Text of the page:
The Paragon Initiative blog has posted a gentle introduction to application security for those new to some of the ideas of secure code and wanting to learn more.
If you are a web developer (or are thinking about teaching yourself web programming), you probably don't think of yourself as a security engineer, or a white-hat/blue-team member of an information security assurance team. You might have considered security threats in the context of quality assurance before (e.g. validating input), but perhaps you're no expert on the subject. But the second your code is deployed in production, your code is the front line of defense for that entire system and quite possibly the entire network. Logically, that means the software you produce must be made reasonably secure.
[...] This might seem like a lot of pressure. [...] I'm not going to say you need to become an application security expert. That very notion betrays the (largely untapped) potential for rich diversity in the technology communities. But I will say this: Application Security is Every Developer's Responsibility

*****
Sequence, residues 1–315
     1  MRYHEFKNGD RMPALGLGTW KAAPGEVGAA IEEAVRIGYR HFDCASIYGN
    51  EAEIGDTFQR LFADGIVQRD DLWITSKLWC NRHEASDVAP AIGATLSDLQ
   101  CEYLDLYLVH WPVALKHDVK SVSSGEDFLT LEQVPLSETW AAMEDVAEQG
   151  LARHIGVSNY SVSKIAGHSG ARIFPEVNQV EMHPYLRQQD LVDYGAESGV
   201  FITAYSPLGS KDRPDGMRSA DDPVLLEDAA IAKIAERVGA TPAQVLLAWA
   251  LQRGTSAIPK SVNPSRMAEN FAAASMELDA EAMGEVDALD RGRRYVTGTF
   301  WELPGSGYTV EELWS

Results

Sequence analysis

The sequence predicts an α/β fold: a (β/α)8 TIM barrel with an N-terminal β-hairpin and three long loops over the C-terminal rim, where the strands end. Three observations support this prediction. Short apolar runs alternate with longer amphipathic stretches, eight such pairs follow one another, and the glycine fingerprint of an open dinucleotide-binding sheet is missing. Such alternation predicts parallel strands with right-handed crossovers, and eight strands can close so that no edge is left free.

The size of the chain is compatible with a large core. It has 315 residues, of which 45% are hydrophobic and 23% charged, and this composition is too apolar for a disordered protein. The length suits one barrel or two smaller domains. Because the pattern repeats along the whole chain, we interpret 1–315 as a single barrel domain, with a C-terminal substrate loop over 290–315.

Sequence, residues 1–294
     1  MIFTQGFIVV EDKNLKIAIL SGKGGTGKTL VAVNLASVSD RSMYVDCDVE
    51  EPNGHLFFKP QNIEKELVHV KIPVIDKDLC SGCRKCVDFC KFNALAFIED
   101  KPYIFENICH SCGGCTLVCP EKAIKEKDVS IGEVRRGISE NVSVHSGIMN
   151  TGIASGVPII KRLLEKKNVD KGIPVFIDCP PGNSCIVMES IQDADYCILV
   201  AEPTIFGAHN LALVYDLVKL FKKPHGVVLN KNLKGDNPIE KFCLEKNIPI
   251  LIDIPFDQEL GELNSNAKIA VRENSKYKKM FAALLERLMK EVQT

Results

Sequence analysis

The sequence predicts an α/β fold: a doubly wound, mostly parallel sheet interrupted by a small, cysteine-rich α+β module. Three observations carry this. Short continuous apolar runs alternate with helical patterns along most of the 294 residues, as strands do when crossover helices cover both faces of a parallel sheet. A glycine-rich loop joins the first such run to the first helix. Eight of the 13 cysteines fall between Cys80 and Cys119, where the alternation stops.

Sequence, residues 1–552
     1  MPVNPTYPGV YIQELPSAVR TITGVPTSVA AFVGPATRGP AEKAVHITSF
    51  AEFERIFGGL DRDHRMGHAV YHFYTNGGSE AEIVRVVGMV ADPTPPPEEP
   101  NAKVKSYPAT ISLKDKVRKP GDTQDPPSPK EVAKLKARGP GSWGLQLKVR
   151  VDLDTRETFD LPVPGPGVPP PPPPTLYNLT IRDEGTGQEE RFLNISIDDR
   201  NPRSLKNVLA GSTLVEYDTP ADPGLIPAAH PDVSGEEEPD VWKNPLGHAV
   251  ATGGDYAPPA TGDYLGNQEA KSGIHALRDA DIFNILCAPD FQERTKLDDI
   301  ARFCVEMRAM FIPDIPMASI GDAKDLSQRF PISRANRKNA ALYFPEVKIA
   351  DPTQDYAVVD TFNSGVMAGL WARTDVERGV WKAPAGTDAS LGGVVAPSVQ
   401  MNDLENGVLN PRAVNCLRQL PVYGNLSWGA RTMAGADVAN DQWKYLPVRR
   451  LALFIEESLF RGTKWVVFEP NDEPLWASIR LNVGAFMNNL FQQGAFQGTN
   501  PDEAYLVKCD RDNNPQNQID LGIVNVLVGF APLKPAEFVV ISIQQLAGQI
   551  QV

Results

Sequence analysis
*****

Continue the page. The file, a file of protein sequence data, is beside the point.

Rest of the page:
They remind developers that there's a lot more than just 10 types of vulnerabilities (or even 25) and proposes a new model for thinking of security weaknesses in your applications. He outlines five points for assessing the security of your apps, not just common vulnerabilities to fix:
- Failure to Separate Data from Instructions
- Unsound Application Logic
- Your Application's Operating Environment
- Cryptographic Weaknesses
The fifth is a catch-all "miscellaneous" category that would contain things that are either crossing the boundaries of the other categories or are just each in their own category. He suggests we move on to a "more secure tomorrow", evaluate our applications along these criteria.